Go figure: Stats don't sway vote Some also-rans post better numbers

June 29, 1993|By Ken Murray | Ken Murray,Staff Writer

It was a big week for Robby Thompson everywhere but the ballot box.

The San Francisco Giants second baseman went 11-for-22, slugged four homers and leaped into the top 10 in National League hitting.

What it got him was 42,000 new votes in All-Star ballots. And that wasn't enough to budge from seventh place, light years behind the leader and favorite at second base, Ryne Sandberg of the Chicago Cubs.

As the All-Star balloting moves into the homestretch -- starters will be announced on July 7 for the July 13 game at Oriole Park -- Thompson is almost 577,000 votes behind Sandberg, though statistically he's having a better season.

Thompson not only can't catch Sandberg, but he also probably can't catch second-place Delino DeShields of the Montreal Expos or third-place Craig Biggio of the Houston Astros.

Such are the vagaries of the fan balloting process, in which name recognition and television time tend to carry more weight than performance.

Through Sunday, Thompson was hitting .328 with eight homers, 36 RBI and six errors. Sandberg, who has been on the disabled list this season, was hitting .307 with four homers, 23 RBI and five errors. DeShields was hitting .259, Biggio .260.

Thompson is not the NL's only deserving player overlooked in the All-Star balloting. Consider these aberrations in the latest count:

Jay Bell of the Pittsburgh Pirates ranks seventh among NL shortstops, 407,000 votes behind leader Ozzie Smith of the St. Louis Cardinals. Bell, with a .321 average and only four errors, has been no higher than seventh any week of the voting. Smith (.274, nine errors) leads runner-up Barry Larkin (.312, 12 errors) of the Cincinnati Reds by 45,000 votes.

* Kevin Mitchell of the Reds ranks 12th among NL outfielders, 268,000 votes behind the Atlanta Braves' David Justice, who holds down the third starting spot. Justice is hitting .227 with 15 homers and 43 RBI, Mitchell .372 with 11 homers and 45 RBI in 207 at-bats.

The injury-prone Mitchell has a 19-game hitting streak, longest current streak in the majors, but Sunday missed his second straight game with a sore left shoulder. Down time or not, who wouldn't want to see Mitchell muscling up in the homer-hitting contest the day before the game in the Camden Yards jet stream?

* Then there is Andres Galarraga of the Colorado Rockies, who is fourth in the voting at first base despite his .414 average, 11 homers and 57 RBI. First base, however, might be the most competitive position of all. The Philadelphia Phillies' John Kruk (.344), San Francisco's Will Clark (.264) and the San Diego Padres' Fred McGriff (.259) are 1-2-3. Among those behind Galarraga are Houston's Jeff Bagwell (.326), Chicago's Mark Grace (.320) and St. Louis' Gregg Jefferies (.331).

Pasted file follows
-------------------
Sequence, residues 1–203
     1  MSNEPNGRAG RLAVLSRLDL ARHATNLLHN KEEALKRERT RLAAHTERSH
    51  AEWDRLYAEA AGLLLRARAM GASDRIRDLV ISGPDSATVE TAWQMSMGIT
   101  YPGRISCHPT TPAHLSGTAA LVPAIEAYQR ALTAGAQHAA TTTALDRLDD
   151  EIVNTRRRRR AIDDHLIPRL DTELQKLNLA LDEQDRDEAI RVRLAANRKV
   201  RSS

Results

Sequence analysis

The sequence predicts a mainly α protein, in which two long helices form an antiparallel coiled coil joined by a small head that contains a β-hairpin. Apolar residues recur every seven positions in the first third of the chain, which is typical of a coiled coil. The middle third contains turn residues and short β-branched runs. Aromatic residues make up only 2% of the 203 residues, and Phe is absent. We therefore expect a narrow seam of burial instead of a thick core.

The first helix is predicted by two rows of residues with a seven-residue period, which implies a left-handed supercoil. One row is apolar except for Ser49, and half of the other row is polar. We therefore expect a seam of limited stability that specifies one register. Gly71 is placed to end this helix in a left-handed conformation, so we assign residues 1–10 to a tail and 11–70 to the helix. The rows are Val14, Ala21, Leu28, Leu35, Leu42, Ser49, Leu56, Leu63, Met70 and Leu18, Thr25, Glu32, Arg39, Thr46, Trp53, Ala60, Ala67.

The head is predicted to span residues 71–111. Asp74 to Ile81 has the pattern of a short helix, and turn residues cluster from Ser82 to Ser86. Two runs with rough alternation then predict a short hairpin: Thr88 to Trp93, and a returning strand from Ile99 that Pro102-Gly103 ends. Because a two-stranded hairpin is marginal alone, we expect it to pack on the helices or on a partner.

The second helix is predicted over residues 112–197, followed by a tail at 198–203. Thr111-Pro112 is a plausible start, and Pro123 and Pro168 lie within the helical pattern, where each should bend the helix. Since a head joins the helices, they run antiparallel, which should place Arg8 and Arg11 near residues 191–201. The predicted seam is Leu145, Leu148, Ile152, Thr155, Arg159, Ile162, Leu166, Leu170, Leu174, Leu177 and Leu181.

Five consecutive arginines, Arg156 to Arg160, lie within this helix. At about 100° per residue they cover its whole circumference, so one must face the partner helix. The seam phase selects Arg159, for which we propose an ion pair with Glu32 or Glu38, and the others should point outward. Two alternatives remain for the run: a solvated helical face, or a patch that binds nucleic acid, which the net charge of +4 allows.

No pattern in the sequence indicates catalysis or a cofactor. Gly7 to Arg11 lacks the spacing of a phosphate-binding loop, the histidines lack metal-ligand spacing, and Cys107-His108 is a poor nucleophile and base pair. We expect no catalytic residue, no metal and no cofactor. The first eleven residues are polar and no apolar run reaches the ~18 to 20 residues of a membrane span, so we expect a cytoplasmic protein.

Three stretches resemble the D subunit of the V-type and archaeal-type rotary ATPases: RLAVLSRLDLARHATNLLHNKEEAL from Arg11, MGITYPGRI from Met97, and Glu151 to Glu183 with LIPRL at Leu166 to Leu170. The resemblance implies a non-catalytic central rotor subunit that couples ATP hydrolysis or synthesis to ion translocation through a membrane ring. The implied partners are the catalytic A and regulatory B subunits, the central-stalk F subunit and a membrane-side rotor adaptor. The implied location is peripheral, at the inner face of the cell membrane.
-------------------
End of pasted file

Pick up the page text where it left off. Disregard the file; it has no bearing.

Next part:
* At catcher, Mike Piazza, the Los Angeles Dodgers rookie, is fourth behind the Phillies' Darren Daulton. Yet, Piazza's numbers (.331, 15 homers, 52 RBI) are comparable to Daulton's (.257, 15, 59).

The only lead change this week was at third base, where Gary Sheffield went from the Padres to the Florida Marlins and from second place to first. The Giants' Matt Williams, last week's leader, fell to second and went on the 15-day disabled list with a strained abdominal muscle.

NL ALL-STAR VOTING

Results through Sunday for the starting National League team for the 64th All-Star Game, to be played Tuesday, July 13 at Baltimore:

Catchers

1, Darren Daulton, Philadelphia, 752,999. 2, Benito Santiago, Florida, 372,265. 3, Greg Olson, Atlanta, 191,704. 4, Mike Piazza, Los Angeles, 187,659. 5, Don Slaught, Pittsburgh, 152,645. 6, Tim Laker, Montreal, 125,120. 7, Tom Pagnozzi, St. Louis, 118,849. 8, Kirt Manwaring, San Francisco, 113,929.

First basemen 1, John Kruk, Philadelphia, 484,495. 2, Will Clark, San Francisco, 3, Fred McGriff, San Diego, 340,236. 4, Andres Galarraga, Colorado, 197,370. 5, Jeff Bagwell, Houston, 180,623. Mark Grace, Chicago, 172,325. 7, Sid Bream, Atlanta, 133,707. 8, Eric Karros, Los Angeles, 99,251.

Second basemen 1, Ryne Sandberg, Chicago, 714,340. 2, Delino DeShields, Montreal, 402,002. 3, Craig Biggio, Houston, 213,341. 4, Mark Lemke, Atlanta, 175,279. 5, Mickey Morandini, Philadelphia, 161,543. 6, Bip Roberts, Cincinnati, 148,485. 7, Robby Thompson, San Francisco, 137,609. 8, Geronimo Pena, St. Louis, 97,190.

Shortstops

1, Ozzie Smith, St. Louis, 514,243. 2, Barry Larkin, Cincinnati, 3, Jeff Blauser, Atlanta, 261,688. 4, Wil Cordero, Montreal, 126,039. 5, Walt Weiss, Florida, 118,539. 6, Royce Clayton, San Francisco, 109,925. 7, Jay Bell, Pittsburgh, 106,671. 8, Rey Sanchez, Chicago, 79,579.

Third basemen 1, Gary Sheffield, Florida, 400,036. 2, Matt Williams, San Francisco, 391,539. 3, Terry Pendleton, Atlanta, 361,927. 4, Dave Hollins, Philadelphia, 251,504. 5, Chris Sabo, Cincinnati, 212,465. Charlie Hayes, Colorado, 112,995. 7, Frank Bolick, Montreal, 109,335. 8, Steve Buechele, Chicago, 108,707.

Outfielders

1, Barry Bonds, San Francisco, 1,161,570. 2, Andy Van Slyke, Pittsburgh, 503,809. 3, David Justice, Atlanta, 445,644. 4, Len Dykstra, Philadelphia, 441,809. 5, Tony Gwynn, San Diego, 356,972. 6, Larry Walker, Montreal, 342,554. 7, Moises Alou, Montreal, 292,623. 8, Darryl Strawberry, Los Angeles, 264,880.

Marquis Grissom, Montreal, 251,586.

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